Big Stink

Miamians' lust for contraband Cohibas has turned the blazing cigar craze into a smuggler's dream

While most smugglers are amateurs, a few have recently begun to polish their operations. "We get solicited all the time by people who want to sell both legitimate and counterfeit cigars," says Oscar Boruchin, owner of Mike's Cigars in Bay Harbor Islands, a retailer/wholesaler and the second-largest distributor of premium cigars in the nation. Most just call on the phone, Boruchin reports, though a few actually drop by the store to display their wares. About six months ago, Boruchin recalls, he was approached by a man who had prepared a glossy brochure advertising several types of Cuban cigars. "It was like an organized company," he marvels. "I got the feeling this was real. I said, 'The owner is not here, give me your telephone number.' He walked out."

Shareef Malnik, owner of the Forge, an upscale Beach restaurant where glowing stogies are de rigueur, says most of the so-called Cubans he encounters on South Beach are fake. "So many people are selling these things it's ridiculous," chortles Malnik, who also owns the Cuba Club, a private smokers' club next door that caters to celebrities. "A guy came into the club the other day and says, 'How do you like this? It's a real Cohiba.' He'd bought it at another restaurant on the Beach. I'm like the last guy you would say something like that to. It was the ugliest thing I had ever seen."

Boruchin and others say that the quality of the real Cubans has become so inconsistent that a harsh-tasting, seemingly counterfeit Cohiba might actually be genuine. Malnik points out that some of the many so-called fake Cubans appear to have been purchased on the black market on the island, where the odds are equally good that the cigars were stolen from an official cigar factory or rolled at home from tobacco refuse. "In Havana they are Cuban," he jokes. "They're just fake Cuban Cubans."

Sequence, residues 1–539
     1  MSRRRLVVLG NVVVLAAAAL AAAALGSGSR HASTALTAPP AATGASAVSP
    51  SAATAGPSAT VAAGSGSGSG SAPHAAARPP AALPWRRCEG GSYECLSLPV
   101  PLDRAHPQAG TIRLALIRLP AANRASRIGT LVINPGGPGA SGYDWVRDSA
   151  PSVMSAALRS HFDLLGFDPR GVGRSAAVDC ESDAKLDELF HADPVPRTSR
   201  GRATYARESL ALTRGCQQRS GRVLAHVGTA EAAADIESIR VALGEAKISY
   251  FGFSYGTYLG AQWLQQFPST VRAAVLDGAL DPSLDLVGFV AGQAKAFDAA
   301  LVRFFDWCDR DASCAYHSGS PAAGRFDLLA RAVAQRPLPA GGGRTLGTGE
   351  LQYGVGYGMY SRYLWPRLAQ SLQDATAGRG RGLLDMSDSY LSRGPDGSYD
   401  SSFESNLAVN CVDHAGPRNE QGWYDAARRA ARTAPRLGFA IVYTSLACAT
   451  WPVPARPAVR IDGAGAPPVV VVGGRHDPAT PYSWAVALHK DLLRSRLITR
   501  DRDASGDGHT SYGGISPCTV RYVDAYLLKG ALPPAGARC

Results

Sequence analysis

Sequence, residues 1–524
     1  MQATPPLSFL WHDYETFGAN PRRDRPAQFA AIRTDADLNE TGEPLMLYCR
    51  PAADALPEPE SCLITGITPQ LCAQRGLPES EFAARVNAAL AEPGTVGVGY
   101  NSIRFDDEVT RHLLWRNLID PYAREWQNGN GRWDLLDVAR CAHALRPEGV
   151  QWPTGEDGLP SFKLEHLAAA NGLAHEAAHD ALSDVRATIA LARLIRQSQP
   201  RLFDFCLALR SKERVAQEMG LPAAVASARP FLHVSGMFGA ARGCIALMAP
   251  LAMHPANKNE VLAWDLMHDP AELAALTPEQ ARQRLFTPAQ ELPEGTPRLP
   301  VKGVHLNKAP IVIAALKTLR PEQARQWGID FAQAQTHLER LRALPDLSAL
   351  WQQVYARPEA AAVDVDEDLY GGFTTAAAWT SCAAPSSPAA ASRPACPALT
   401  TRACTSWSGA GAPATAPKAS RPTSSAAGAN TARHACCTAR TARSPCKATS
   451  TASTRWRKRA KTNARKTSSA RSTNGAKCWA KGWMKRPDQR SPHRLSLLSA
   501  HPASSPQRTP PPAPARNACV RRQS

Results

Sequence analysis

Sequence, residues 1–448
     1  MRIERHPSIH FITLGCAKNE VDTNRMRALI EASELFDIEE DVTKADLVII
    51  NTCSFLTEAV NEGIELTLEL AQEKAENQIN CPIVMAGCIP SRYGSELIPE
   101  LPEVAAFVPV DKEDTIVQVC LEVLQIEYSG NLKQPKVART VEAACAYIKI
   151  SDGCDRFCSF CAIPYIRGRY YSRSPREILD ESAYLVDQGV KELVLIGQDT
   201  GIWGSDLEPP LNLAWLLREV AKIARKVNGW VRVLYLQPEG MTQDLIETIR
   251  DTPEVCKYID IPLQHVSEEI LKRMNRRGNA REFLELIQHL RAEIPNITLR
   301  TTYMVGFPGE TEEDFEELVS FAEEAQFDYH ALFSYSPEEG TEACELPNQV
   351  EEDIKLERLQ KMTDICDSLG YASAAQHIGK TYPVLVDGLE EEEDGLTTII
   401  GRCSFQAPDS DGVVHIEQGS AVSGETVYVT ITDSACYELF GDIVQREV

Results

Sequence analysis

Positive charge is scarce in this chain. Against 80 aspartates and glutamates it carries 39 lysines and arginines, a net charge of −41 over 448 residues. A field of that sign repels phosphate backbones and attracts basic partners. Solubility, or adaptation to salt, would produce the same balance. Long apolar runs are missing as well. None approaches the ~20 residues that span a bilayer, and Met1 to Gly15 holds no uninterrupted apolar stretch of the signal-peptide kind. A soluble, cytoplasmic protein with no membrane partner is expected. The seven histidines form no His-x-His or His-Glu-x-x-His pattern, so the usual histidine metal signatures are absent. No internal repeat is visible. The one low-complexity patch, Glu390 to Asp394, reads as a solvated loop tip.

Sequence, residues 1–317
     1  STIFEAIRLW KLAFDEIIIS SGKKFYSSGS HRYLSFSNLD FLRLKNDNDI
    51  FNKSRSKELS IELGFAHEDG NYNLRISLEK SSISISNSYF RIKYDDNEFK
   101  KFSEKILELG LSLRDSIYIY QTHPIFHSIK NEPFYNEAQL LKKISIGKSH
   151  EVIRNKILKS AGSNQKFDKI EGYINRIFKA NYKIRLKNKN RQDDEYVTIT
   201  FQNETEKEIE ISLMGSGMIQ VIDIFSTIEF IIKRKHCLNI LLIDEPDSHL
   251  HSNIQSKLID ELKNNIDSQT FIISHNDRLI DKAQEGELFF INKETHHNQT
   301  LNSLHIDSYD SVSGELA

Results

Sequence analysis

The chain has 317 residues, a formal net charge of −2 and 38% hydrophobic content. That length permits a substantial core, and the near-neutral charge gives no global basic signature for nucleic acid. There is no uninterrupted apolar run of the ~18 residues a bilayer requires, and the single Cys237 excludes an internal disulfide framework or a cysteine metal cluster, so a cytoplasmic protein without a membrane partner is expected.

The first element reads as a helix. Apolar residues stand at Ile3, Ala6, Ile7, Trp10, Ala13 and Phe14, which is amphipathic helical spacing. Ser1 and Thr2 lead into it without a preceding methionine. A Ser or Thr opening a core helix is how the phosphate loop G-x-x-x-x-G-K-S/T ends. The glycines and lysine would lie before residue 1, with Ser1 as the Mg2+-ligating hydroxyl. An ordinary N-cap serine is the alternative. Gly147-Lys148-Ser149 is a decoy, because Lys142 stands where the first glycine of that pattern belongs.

Mike Sheehan, a spokesman for Customs in Miami, reports "a phenomenal amount" of counterfeiting. In July, he says, agents caught someone who was relabeling Honduran cigars so as to appear Cuban. "If I'm interested in making money, do I go to the trouble of setting up a network to sell Cuban cigars here? Or do I stay home, go to the local drug store, buy some two-dollar cigars, unwrap them, and just print out my own band?" Sheehan posits. "Your risk factor is reduced dramatically."

Back at the Astor, Pete offers his Cohiba for a puff, assuring other smokers of its authenticity. It tastes smooth and mellow. A hotel employee watches impassively but later confides, "I have twelve Cohibas at home, but I forgot to bring them. I would have made $240 bucks, easy.

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